Retreat fails another CMS survey
BRATTLEBORO -- The Brattleboro Retreat is once again facing sanctions from the Centers for Medicaid and Medicare Services, and the psychiatric hospital has 10 days to come up with an accepted plan of correction or its federal Medicare funding will be terminated on Aug. 15.
During an April 18 survey by CMS officials the Retreat failed to meet two conditions of participation. CMS inspectors found that the Retreat was not in compliance with federal, state and local laws, and the hospital also failed to adequately protect patients' rights.
Details about the survey were not available.
The Retreat will now develop a plan to address the deficiencies and then receive another visit by CMS to determine if compliance has been achieved.
Brattleboro Retreat Senior Vice President of Government Relations Peter Albert said most of the CMS deficiencies were discovered in the hospital's new 14 bed unit which accepts Vermont State Hospital patients.
Since Tropical Storm Irene forced the Vermont State Hospital to close the Retreat has admitted 5,385 individuals, and of this number 331 would have qualified for admission to the state hospital.
It is a small number of these patients that the CMS issues relate to, Albert said.
Albert said the Retreat, which has been treating patients with mental illness for 179 years, has been facing new challenges caring for the involuntarily committed State Hospital patients.
"Our recent growth as a hospital, and in particular our contract with the state to care for patients in a newly renovated 14-bed unit who would in the past have gone to the now closed Vermont State Hospital has been accompanied by a process of continuous learning, problem solving and innovation," Albert said. "In reviewing the data from the survey we recognize that the majority of the issues identified are related to this new state hospital unit. We have been, and will continue to work on making the necessary improvements."
The Retreat has been facing a number of negative reports from CMS since agreeing to care for State Hospital patients following Tropical Storm Irene, which forced the closure of the troubled Waterbury facility.
The Vermont State Hospital had its own issues with CMS, and had been without federal Medicaid funding for almost 10 years, costing the state about $8 million per year.
Earlier this year the Retreat was cited by CMS after one patient reported having sex with another patient, and demanded medical treatment.
The hospital also was cited after an unqualified worker grabbed an adolescent by the arm and led the patient into a secluded room.
The Retreat also faced questions earlier this year on how quickly it was reporting incidents back to the state
Last year CMS cited the Retreat after determining that the hospital had governance and quality assessment problems that needed to be addressed.
In each instance the Retreat was able to submit a plan, which was accepted, and the hospital's federal funding was never terminated.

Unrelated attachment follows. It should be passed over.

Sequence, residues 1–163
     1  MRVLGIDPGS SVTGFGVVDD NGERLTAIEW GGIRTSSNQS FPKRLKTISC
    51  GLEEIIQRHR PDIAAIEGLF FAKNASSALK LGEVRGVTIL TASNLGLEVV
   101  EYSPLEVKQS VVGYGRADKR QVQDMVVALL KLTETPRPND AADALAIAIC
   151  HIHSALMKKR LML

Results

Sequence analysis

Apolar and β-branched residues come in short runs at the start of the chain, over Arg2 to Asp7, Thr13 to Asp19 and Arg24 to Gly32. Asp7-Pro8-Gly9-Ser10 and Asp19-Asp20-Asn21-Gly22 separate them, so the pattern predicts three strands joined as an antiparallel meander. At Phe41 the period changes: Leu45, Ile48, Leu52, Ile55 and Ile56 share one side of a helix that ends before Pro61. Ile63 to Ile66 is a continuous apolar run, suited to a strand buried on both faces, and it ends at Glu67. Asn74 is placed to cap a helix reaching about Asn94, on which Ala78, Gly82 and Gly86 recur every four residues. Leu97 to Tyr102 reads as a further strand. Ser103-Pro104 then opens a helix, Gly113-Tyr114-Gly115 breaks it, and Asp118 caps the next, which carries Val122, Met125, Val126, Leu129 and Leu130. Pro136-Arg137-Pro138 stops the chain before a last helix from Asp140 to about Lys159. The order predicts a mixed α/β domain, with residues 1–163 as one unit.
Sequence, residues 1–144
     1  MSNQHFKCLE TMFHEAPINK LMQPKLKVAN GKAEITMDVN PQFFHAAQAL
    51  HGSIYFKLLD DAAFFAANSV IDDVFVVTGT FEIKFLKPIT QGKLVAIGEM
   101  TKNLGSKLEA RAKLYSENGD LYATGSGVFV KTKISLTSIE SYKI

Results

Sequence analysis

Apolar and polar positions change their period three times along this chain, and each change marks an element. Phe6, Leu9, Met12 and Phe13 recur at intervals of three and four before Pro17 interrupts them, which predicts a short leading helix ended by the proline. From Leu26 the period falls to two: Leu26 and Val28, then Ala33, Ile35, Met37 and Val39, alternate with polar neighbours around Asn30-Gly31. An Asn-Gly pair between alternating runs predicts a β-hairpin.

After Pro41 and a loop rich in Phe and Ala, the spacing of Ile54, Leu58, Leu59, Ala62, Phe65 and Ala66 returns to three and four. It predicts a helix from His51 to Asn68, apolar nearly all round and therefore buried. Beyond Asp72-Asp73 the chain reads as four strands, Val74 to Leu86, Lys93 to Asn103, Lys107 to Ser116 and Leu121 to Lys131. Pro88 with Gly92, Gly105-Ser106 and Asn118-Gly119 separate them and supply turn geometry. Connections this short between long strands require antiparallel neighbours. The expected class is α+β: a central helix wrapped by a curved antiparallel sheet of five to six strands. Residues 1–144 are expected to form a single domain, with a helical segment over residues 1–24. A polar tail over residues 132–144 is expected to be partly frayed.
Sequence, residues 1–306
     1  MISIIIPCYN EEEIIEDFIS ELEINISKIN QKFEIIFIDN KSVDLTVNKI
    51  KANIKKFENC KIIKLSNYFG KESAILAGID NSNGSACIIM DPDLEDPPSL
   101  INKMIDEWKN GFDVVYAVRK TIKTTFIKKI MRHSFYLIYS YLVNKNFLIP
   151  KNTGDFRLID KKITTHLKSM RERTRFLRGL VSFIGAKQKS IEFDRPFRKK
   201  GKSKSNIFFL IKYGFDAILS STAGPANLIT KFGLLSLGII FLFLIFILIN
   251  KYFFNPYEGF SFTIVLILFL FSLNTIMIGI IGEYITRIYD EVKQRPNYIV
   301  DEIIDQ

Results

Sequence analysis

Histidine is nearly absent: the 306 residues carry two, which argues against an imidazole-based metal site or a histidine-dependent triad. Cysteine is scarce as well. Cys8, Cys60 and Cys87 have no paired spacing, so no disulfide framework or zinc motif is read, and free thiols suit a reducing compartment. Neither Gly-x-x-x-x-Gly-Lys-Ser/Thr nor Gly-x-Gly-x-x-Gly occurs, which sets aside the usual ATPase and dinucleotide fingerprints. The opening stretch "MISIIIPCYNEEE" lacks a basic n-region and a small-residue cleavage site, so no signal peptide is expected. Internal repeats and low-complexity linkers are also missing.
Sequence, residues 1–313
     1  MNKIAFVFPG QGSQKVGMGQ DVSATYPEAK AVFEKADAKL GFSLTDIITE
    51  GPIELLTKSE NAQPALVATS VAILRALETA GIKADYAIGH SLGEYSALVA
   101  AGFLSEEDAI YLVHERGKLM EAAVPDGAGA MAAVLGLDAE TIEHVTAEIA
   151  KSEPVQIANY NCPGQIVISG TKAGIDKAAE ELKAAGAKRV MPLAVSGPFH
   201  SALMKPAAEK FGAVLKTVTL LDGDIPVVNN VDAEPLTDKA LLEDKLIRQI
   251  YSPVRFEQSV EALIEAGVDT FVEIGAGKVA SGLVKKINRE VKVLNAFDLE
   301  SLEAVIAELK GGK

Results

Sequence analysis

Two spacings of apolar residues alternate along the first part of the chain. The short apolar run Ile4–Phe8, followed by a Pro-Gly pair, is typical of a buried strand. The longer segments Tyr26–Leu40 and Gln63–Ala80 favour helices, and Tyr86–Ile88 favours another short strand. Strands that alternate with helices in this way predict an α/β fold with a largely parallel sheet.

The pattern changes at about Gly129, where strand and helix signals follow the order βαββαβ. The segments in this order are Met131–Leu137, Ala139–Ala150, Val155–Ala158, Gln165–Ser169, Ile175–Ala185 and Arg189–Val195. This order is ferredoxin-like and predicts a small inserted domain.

The most recent visit by CMS followed the Feb. 21 survey, which was undertaken after allegations were made against the hospital.
The Retreat submitted its plan, which was accepted, and then CMS returned on April 18 to conduct a complete survey.
During that visit it was determined that the Retreat had not met its conditions of compliance in two areas.
While Albert recognized that the Retreat had work to do to make sure it was meeting CMS expectations, he also said the state's complete mental health system was in crisis.
The Department of Mental Health has had five commissioners in four years, Albert said, and there currently is no DMH medical director to provide clinical support to the overall system.
Albert also said the state still needs more inpatient psychiatric beds and there is a need for more community support programs to discharge patients who are ready to move back into their communities.
And with the Retreat now playing a major role in that system, Albert said the Brattleboro psychiatric hospital was working to improve conditions both within, and outside of the Retreat's walls.
"We recognize that much of our work is done within the context of a larger system that remains in crisis," Albert said. "Many of the solutions we identify go beyond just the Retreat and the only way to effect real and lasting change is to address not only our own issues but the ones that continue to impact the entire system."
The Retreat received its letter from CMS on Monday, May 20, and Albert said the hospital has been working on its latest plan of correction which will be filed with CMS.
"We are confident that all cited deficiencies will be corrected as they have been in the past," Albert said. "The improvements we make as part of this process will help us continue our focus on excellence in our clinical practice at all levels of the organization, and assure our patients, and their families, that we are providing exceptional and compassionate care."
Howard Weiss-Tisman can be reached at 802-254-2311, ext. 279, or firstname.lastname@example.org. Follow Howard on Twitter @HowardReformer.
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